Nigerian Air Force had denied responsibility for the Kaduna attack but the army later admitted it. Photo: Others

By Abdulwasiu Hassan

Abdullahi Musa is distraught beyond belief after losing his three children in the Nigerian military's "friendly fire" on December 3 that wrought tragedy on the village of Tudun Biri in the middle of a religious event.

"What I can't stop thinking about is how one of my kids, a daughter, was so enthusiastic about her education," he tells TRT Afrika.

The "mistaken" bombing of the village in northwest Nigeria's Kaduna State killed around 90 people, triggering shock and outrage in a country where some 400 civilians have been killed in allegedly misdirected airstrikes since 2014.

President Bola Tinubu has promised a proper investigation into the circumstances leading to the bombing, which the Nigerian military says was targeted at terrorists.

Demands for adequate compensation to the families of the victims are growing by the day, although nothing would possibly dim Musa's pain.

Musa was one of the organisers of the Mawlid al-Nabi celebration commemorating the Prophet's birth anniversary. Besides his children, a dozen of his relatives died in the bombing.

Old wounds

Incidents of friendly fire have been reported at intervals since the beginning of Nigeria's war against the terror outfit Boko Haram and armed kidnapping gangs about a decade ago.

Before the accidental military strike in Kaduna, the country's security agencies had admitted on several occasions to "mistakenly" carrying out air raids on the civilian population.

While the extent of the casualties in some incidents since 2014 is disputed, the number of such strikes is at least 10.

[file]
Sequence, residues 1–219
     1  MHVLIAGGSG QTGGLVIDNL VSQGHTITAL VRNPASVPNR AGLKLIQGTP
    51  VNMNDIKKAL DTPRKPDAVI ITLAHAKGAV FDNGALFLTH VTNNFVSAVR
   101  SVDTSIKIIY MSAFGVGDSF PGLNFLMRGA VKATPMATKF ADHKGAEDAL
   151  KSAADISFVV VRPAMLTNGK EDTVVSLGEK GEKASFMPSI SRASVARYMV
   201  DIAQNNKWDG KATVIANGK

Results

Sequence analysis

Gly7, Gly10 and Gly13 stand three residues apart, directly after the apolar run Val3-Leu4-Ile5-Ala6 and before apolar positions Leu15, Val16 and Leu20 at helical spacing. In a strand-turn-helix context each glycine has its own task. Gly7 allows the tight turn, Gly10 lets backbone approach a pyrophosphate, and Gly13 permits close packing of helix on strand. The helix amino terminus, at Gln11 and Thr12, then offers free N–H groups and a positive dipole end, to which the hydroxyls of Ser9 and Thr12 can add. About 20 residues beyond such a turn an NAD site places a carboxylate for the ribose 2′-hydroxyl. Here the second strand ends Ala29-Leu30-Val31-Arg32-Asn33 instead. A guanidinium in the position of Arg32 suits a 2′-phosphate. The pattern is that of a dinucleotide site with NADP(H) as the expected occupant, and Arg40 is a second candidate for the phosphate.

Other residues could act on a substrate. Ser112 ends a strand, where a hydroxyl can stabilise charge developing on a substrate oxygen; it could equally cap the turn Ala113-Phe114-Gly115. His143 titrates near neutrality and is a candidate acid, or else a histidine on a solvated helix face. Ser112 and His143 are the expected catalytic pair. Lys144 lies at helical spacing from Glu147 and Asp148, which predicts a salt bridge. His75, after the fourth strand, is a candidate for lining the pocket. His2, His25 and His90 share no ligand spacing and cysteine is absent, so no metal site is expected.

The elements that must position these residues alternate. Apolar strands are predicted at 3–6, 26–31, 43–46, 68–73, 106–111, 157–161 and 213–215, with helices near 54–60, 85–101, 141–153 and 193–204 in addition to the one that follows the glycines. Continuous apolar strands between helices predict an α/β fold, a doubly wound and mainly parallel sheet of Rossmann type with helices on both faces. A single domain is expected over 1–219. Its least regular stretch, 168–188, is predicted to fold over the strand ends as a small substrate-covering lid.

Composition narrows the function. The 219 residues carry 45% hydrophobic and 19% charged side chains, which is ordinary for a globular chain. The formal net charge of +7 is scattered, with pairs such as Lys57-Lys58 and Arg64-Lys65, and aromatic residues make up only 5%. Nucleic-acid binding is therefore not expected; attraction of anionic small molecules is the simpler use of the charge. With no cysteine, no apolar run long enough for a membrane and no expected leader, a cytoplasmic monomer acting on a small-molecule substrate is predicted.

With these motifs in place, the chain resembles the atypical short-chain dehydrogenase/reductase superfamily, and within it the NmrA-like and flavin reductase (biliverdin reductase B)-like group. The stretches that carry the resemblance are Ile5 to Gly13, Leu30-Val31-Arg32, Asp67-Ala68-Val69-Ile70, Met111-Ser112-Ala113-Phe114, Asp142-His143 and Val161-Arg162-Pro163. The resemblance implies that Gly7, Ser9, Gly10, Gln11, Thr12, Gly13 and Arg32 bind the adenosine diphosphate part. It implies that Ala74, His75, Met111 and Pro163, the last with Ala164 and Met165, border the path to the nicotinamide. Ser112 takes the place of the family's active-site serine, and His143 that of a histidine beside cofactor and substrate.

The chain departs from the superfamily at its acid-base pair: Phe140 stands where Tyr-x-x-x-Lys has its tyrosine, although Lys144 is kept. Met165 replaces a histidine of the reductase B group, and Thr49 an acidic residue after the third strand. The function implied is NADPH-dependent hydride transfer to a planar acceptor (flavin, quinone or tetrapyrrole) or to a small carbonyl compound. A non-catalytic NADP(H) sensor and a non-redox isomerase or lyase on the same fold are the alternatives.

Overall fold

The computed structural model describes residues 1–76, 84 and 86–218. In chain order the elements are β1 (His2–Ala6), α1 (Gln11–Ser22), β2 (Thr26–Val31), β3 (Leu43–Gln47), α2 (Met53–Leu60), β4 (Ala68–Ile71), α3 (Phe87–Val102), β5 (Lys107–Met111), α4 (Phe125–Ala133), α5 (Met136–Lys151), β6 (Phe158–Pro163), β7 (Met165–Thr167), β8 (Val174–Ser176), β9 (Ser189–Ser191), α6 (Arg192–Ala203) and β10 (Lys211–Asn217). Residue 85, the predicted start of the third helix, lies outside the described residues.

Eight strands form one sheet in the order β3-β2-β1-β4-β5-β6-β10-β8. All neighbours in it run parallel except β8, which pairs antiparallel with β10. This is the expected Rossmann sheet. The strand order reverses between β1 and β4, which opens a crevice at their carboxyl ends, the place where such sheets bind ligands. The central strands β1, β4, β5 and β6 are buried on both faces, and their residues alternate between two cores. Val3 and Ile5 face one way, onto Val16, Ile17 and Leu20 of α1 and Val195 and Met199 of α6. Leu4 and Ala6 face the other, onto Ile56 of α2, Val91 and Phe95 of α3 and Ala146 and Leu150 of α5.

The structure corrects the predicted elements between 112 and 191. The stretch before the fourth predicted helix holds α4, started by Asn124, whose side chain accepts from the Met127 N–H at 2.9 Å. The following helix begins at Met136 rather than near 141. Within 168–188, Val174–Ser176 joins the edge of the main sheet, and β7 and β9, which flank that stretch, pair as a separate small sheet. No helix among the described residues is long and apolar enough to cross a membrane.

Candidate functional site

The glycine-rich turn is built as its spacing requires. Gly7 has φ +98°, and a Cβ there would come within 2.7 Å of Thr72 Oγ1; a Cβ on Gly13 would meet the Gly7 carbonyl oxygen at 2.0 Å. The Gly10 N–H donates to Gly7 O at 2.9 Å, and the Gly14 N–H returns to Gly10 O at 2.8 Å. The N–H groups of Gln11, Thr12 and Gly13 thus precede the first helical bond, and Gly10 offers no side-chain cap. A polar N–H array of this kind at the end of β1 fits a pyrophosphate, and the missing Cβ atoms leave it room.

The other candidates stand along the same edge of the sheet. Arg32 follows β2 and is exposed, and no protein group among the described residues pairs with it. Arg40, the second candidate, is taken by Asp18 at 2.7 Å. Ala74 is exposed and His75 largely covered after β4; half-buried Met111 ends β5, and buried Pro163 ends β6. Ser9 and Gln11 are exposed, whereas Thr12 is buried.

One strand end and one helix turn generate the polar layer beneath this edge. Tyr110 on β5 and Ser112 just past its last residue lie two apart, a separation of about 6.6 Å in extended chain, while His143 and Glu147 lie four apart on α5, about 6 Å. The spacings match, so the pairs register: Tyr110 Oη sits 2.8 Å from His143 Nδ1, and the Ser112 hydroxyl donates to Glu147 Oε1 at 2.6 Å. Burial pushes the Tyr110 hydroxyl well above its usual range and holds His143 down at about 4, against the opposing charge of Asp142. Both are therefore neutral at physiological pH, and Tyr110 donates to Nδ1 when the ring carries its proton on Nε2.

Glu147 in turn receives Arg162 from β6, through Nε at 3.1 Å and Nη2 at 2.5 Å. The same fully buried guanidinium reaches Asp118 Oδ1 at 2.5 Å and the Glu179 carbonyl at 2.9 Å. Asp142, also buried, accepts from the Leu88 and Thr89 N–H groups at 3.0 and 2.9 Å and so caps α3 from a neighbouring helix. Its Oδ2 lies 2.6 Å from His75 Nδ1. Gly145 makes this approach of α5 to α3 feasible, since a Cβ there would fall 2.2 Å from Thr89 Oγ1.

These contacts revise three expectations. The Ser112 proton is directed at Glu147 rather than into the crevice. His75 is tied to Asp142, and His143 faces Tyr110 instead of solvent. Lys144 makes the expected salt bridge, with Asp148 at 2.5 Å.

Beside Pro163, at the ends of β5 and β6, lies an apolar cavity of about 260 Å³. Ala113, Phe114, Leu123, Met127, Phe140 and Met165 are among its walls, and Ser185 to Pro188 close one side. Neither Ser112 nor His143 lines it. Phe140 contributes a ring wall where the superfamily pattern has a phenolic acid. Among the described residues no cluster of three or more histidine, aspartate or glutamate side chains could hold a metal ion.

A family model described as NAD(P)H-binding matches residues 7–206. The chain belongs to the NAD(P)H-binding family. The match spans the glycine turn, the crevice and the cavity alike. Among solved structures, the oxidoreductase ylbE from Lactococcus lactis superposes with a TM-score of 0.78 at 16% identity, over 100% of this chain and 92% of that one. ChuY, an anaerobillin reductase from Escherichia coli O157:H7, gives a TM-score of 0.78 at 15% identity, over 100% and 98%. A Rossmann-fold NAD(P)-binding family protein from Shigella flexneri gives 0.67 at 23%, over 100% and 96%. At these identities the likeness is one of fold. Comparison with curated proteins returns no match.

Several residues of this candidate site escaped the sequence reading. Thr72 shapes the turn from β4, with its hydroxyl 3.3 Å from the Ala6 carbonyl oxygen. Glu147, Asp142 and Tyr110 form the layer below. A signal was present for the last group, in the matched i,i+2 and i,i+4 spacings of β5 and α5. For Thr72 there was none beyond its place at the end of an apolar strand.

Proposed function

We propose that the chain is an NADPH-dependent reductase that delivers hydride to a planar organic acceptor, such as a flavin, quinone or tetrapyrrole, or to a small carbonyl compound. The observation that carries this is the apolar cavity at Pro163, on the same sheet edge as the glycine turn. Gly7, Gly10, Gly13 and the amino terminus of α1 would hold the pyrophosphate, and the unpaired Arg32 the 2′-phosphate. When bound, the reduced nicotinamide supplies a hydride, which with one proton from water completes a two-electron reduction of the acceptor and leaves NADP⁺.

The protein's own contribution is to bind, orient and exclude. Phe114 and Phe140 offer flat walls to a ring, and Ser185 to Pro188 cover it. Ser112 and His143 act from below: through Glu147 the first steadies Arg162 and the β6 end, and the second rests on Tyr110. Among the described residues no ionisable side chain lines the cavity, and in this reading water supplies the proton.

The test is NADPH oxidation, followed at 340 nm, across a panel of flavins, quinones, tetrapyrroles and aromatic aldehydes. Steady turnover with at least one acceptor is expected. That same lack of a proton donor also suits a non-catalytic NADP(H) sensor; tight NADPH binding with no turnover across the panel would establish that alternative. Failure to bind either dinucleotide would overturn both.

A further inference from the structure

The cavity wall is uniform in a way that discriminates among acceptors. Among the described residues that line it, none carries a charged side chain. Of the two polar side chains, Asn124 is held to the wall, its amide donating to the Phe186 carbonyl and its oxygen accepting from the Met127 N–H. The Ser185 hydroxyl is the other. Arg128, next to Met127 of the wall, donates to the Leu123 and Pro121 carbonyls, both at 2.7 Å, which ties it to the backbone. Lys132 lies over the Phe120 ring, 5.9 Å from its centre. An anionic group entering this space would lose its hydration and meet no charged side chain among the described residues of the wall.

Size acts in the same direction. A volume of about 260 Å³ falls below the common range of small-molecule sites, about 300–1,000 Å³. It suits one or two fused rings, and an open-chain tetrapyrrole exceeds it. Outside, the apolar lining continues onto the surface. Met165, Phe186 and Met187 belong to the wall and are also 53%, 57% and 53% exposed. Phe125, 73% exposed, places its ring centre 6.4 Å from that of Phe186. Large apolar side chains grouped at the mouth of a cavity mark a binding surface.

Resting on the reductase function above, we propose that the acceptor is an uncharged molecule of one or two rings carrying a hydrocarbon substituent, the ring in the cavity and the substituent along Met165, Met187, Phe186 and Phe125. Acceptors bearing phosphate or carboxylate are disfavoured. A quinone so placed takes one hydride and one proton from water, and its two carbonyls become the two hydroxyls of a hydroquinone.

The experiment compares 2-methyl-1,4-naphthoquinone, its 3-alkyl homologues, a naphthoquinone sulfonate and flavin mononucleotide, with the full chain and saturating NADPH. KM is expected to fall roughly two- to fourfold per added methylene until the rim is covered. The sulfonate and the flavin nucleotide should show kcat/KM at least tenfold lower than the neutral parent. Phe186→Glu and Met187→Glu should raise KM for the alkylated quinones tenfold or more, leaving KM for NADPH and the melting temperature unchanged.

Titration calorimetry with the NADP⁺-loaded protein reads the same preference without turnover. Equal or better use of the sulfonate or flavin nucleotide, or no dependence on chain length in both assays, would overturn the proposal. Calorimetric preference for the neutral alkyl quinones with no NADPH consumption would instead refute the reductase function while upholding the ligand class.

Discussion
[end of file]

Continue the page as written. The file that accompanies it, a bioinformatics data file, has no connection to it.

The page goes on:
The incidents

On March 16, 2014, the Nigerian army mistakenly killed ten people in an air raid in the northeastern state of Borno.

This was followed by another such incident on January 17, 2017, when a bombing of a civilian location in Borno State led to 53 civilian deaths.

On February 28 the following year, 20 people were killed in friendly fire in Borno.

About a year later, on April 11, 2019, the northwestern Zamfara State saw 11 people dying in a supposedly unintended strike.

Later in the year, tragedy struck again when 13 people were killed in a misdirected July 2. raid in Borno.

April 25, 2021, witnessed another military "mistake" that cost 30 lives in an air strike.

A few months later, a civilian location was mistakenly bombed on September 16 in the neighbouring Yobe State, killing nine people.

In Borno State, 20 more civilians were killed in a misdirected military attack on September 26.

Another six people were killed in similar circumstances on April 20, 2022, in the north-central Niger State.

Two others died in Katsina State in the northwestern part of the country on July 6.

On December 17, Zamfara State reported 60 civilian casualties in a mistaken military attack.

Another tragedy occurred in Niger State when an air raid killed 18 people on January 24 this year.

This was followed by the killing of 40 people in Nasarawa State on January 25.

On March 5, a military attack killed three people in Kaduna State, followed by one such death in Niger State on August 18.

Seeking a shield

So, what must the authorities do to forestall future such attacks?

Security agents should learn to better counter gunmen hiding in civilian populations. Photo: Others

Although the military has apologised for the latest incident, followed by army chief Lieutenant General Taoreed Lagbaja making a conciliatory visit to Tudun Biri, analysts believe there is a need to explain to Nigerians the army’s standard operating procedure for the avoidance of misdirected air raids.

Dr Kabiru Adamu, a security analyst, believes the Nigerian parliament must ensure security agencies are held accountable for recurring friendly fire and get to the root of the problem.

"Although there has been a marked improvement in the country's security architecture, security agencies need to improve how they function," Dr Kabiru tells TRT Afrika.

He said security agents must also learn to counter the strategy employed by gunmen to blend into civilian populations, pointing out that using drones when this happens could be counterproductive.

Dr Kabiru also suggests that procurement of military hardware by the armed forces should be in tune with the requirements of Nigeria's topography and strategies to combat the guerilla tactics employed by outfits.

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TRT Afrika